What makes a good story and how can we learn from them?
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“Tell me something I don’t know!” a client recently exclaimed, with a hint of annoyance. We had been huddled around the conference room table, discussing best practices, and “listening” was at the top of the list.
“Of course we know listening is important. We always put patients first and try and use every means possible to listen to our customers. The challenge is finding the time and resources to listen. In some ways, we have to be selective listeners.”
Her frustration is understandable — this time of year in particular, we often set resolutions with the greatest intentions, only to be sidelined by a lack of time or resources or (usually) both.
And so, as we kick off 2019, we’ve been focused on what it means to listen with purpose. How can we identify opportunities to listen, especially if time or budget are limited resources?
At inVibe, we believe it starts with really listening to the stories around us. Stories, or narratives, contain a wealth of valuable information: they can reveal how speakers view themselves, what they find most important, and how they interpret the world around them. To truly listen to a story, it’s important to move beyond simply hearing what is said, and to also consider how it is said and why. For example, did you know most conversations, even short ones, contain identifiable narrative moments? And that speakers change their language in meaningful ways based on their audience?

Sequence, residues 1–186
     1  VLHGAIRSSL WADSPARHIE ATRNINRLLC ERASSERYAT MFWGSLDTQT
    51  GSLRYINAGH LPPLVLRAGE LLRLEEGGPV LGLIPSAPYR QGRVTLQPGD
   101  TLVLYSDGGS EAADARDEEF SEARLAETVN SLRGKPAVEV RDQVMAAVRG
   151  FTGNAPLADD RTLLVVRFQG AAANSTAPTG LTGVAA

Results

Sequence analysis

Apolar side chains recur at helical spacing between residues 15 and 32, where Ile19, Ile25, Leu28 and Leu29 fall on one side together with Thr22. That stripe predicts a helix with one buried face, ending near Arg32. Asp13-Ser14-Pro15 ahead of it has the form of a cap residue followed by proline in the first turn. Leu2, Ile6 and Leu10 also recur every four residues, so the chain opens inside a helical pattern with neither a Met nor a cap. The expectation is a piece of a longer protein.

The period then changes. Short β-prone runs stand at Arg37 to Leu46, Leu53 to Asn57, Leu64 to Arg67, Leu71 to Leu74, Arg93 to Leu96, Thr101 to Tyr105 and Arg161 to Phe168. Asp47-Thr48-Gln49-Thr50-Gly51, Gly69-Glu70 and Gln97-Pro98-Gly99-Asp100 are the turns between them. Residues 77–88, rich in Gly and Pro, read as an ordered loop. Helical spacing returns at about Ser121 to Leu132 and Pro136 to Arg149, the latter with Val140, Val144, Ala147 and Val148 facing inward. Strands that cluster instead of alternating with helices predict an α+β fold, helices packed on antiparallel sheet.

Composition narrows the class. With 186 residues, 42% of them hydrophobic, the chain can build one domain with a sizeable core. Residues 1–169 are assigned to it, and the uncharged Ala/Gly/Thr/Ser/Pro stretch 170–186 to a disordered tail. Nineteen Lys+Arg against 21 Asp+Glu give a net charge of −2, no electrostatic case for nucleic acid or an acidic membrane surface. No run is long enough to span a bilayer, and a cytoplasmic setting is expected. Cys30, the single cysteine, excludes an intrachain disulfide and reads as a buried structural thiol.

Read our blog post on how we can use narrative pattern analysis to identify otherwise overlooked insights.
As our professional lives return to their usual hectic cadence, we invite you to listen with renewed purpose to the stories you hear. Notice the stories around you, large and small. Consider the impact of those stories as well — what are your colleagues, family members, or friends trying to communicate? What do they really want you to hear? And why does it matter to them?
If you’re interested in learning more about the way we harness stories to gain insight into customer experiences, explore pivotal moments in a patient’s journey, or identify triggers to behavior change, we’d love to hear from you.
Story originally published January 17, 2019.
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